How many summers is it together,
with your vents and doors open;
how many springs,
full of self-important shoots;
how many autumns,
dusty and home to spiders;
and how many winters,
shut, inward looking
at not very much?
Your pungence, creativity
and openness draw her in.
You’re completely transparent –
or so it seems.
Do you long for your great aunts
at Kew, Edinburgh and Belfast,
full of spectacle, colour, sprinklers?
Do you long for a white staircase?
You’re tended by just the one gardener.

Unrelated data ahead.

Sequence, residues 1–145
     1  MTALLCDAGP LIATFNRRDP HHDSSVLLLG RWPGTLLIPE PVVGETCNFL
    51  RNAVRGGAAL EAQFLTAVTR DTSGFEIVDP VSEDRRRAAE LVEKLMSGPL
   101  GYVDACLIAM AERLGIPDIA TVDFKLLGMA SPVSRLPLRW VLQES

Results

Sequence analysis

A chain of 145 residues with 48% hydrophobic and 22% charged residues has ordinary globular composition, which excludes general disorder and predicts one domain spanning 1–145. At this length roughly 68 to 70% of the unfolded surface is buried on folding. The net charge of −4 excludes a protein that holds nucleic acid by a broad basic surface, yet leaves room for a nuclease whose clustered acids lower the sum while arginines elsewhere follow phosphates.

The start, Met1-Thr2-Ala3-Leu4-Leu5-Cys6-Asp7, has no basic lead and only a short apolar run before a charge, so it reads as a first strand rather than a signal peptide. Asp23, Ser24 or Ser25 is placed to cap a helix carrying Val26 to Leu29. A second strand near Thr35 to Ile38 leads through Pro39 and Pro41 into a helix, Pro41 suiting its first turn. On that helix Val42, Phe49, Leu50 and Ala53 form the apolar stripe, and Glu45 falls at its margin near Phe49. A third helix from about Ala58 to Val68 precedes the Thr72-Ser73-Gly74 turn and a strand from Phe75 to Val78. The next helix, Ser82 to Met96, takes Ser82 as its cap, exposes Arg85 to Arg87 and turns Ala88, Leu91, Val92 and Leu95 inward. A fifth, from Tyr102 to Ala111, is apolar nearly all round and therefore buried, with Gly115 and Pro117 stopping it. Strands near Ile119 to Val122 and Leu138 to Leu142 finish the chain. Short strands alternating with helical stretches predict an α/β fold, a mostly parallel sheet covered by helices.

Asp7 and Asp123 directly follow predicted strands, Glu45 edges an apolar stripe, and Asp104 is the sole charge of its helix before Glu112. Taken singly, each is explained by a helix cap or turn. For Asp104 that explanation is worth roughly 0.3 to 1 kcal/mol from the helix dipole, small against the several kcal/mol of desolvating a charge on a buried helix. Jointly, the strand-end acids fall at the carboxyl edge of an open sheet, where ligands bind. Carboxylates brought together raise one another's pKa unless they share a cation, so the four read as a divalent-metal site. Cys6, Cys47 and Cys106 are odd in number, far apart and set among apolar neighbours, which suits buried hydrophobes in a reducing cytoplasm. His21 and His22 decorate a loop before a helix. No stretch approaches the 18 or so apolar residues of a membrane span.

The same pair of brown mottled hands,
pummelling rich black spongey earth into plastic pots;
labels, lovingly written in blue pencil;
sprigs of green firmly pushed into place.
The trains rattle at your windows,
a mini earthquake, but one you can count on.
No need for a welcome mat,
the grass is worn
a polished carpet to your door.
And here she comes,
looking briefly to the gulls,
stepping inside. For a moment,
the sun highlights her silver hairs
caught at the top right of your frame,
as she searches for the hard green gloves.
From Brittle Star No 10 (Autumn 2004)